I’m getting somewhat tired of only reviewing movies from the past decade, but I promise, I’m working on older film reviews, they’ve just been turning into essays from the amount of content. I put in and I will deliver as soon as satisfied.
That said, I stayed up all last night and decided to check out a movie that I had been meaning to see for a long while. It attracted with starring roles for cult movie phenomenon Bruce Campbell, a man who had one point in my adolescence been my favorite actor, and Ossie Davis, a veteran African-American actor who had also made an impression in his appearances in Spike Lee’s pictures to me. In addition, the director of one of my absolute horror buff pleasures, Phantasm, and helmer of the adaptation of one of my favorite books, John Dies at the End by David Wong, Don Coscarelli was the director to put the picture together.
But even if these factors weren’t in the movie, the premise would’ve been enough of a strange hook to begin with. Elvis Presley (Campbell) has been alive this entire time and living in a nursing home. Disillusioned by his fame and depressed over the divorce and estrangement of his wife and daughter, Elvis decided in the late 1970s to switch places with an impersonator to start a fresh life. Unfortunately, his impersonator, Sebastian Haff (also played by Campbell) had fallen into Elvis’ same vices and became the untimely statistic in 1977. Elvis, now believed to be Haff, had been injured later on and put into a coma, eventually ending up in the retirement home where nobody believes he is who he says he is, he gets no respect or dignity from his peers or staff, and his only friend is a senile black man who believes himself to be JFK in hiding from Lyndon B. Johnson (Davis).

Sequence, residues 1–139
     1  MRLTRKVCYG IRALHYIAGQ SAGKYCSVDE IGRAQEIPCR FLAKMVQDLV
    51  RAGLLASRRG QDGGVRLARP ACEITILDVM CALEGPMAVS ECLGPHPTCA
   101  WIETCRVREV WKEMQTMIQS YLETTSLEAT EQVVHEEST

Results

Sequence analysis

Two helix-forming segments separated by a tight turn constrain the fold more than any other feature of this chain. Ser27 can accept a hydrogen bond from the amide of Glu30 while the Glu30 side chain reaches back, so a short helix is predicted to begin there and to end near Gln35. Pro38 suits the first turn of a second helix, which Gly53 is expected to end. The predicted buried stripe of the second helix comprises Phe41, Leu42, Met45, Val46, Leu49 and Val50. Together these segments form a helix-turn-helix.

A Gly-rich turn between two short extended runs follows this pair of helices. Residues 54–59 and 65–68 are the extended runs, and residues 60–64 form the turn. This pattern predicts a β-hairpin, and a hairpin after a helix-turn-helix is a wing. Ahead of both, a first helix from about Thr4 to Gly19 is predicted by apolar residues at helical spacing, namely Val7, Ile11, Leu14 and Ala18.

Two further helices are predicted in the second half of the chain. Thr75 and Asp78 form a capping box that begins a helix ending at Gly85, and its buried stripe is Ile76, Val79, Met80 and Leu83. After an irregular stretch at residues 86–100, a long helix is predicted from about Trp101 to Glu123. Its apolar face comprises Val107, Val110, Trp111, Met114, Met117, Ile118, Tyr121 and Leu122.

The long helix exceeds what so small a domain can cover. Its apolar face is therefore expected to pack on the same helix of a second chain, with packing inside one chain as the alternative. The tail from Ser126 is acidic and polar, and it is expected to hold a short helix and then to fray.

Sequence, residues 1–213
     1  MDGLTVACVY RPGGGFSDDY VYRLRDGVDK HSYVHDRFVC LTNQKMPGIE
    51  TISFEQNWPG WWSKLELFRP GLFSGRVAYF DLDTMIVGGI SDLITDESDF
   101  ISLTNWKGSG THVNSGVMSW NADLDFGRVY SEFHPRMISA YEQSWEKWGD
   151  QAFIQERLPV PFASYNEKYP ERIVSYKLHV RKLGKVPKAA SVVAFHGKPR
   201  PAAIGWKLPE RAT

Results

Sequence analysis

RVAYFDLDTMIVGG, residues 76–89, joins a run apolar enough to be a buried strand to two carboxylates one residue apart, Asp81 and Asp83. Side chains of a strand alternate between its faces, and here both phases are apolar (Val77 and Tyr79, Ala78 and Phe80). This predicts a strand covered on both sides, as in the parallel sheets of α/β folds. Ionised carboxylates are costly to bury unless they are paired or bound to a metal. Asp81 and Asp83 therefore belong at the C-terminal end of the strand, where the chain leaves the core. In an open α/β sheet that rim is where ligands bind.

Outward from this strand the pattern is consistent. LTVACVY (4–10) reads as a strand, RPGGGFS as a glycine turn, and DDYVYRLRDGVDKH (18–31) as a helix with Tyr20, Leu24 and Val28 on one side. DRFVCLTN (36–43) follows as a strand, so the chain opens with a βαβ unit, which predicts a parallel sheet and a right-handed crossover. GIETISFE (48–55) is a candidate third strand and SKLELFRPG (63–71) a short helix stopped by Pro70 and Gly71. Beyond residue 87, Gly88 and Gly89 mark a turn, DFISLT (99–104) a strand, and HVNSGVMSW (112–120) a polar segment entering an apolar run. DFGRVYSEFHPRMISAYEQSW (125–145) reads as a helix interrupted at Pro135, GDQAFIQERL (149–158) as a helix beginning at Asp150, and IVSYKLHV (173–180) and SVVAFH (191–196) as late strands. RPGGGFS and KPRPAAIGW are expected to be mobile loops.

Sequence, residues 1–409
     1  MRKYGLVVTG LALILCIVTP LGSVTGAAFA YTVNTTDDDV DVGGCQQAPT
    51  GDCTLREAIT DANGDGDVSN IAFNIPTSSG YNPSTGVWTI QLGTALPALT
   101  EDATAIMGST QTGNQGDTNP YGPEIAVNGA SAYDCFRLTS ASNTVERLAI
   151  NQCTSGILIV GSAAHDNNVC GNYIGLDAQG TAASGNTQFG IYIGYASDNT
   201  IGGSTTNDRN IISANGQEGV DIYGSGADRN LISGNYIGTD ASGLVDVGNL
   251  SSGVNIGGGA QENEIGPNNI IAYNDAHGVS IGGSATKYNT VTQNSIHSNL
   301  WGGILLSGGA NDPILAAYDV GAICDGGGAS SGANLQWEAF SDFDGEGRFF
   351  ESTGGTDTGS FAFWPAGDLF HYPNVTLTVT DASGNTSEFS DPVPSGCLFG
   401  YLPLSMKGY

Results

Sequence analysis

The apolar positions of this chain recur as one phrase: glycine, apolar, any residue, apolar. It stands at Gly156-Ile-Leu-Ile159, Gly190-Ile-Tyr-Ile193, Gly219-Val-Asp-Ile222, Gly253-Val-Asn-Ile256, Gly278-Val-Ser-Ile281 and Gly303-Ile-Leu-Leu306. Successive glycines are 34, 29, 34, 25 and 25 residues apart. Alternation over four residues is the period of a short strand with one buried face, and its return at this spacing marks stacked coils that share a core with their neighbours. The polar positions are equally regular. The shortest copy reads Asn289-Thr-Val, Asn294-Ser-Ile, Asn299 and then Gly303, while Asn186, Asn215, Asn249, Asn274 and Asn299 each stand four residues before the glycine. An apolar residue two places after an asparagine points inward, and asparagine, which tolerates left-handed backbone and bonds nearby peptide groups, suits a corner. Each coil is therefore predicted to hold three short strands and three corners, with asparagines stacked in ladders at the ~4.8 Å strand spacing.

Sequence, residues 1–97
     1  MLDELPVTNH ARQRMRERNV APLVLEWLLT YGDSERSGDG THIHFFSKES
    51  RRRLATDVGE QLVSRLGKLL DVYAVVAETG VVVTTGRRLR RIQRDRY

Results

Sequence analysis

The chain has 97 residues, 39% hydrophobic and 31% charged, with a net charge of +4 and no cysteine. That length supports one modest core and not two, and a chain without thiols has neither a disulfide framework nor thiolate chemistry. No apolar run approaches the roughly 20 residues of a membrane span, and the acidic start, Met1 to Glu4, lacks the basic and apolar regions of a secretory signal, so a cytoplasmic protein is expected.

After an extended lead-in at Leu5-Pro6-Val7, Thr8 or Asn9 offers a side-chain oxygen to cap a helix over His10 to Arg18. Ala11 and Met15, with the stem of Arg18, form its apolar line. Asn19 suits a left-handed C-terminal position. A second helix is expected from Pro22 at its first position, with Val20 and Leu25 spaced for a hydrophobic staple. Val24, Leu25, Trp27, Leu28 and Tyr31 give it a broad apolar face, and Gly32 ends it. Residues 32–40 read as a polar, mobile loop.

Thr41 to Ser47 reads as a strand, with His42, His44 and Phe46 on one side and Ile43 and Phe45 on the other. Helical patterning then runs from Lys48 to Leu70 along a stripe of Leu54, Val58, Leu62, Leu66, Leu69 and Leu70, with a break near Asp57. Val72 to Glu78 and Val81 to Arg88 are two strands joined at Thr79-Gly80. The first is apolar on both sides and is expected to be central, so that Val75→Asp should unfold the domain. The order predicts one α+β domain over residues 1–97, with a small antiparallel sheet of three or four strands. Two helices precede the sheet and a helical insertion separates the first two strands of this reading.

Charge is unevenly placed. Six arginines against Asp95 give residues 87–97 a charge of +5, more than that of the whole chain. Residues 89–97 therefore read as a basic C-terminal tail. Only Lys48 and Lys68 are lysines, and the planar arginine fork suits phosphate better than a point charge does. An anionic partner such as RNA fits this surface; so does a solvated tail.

Strange enough as a picture? Well, now a mummy is stealing the souls of everyone in the retirement home.
This is one of those movies perfect to relax at midnight when you’re avoiding sleep. This is…
Easily B-movie fare that would fit Campbell and Coscarelli’s respective resumes, but there’s a deeper factor in Bubba Ho-Tep that warrants more than one viewing, more than one could say for a B-movie. It’s not so bad it’s good. It’s actually good enough to be surprising. The titular mummy’s presence is made known from the beginning (with humorous definition title cards setting the mood), but he doesn’t make an appearance until late in the game. Instead, we end up opening in on the aged Presley, watching his roommate die without a real drive, nor a real ability to do anything. Life merely flashes by him, as he sits in his cot.
With so much time on his hands now, the first major segment of the picture is dedicated to him reminiscing about what went wrong. This is the man who was ‘The King’. But he lost that peak in his life way before his supposed death. He’s got nothing left to him, nobody remembers him, the price of not wanting to burn out in the rock and roll life. It’s not much different from the treatment of his fellow nursing home residents, but their senility leads them to become oblivious (possibly on purpose). Elvis is the only one who has to deal with his existential dilemma, the fact and the embarrassment.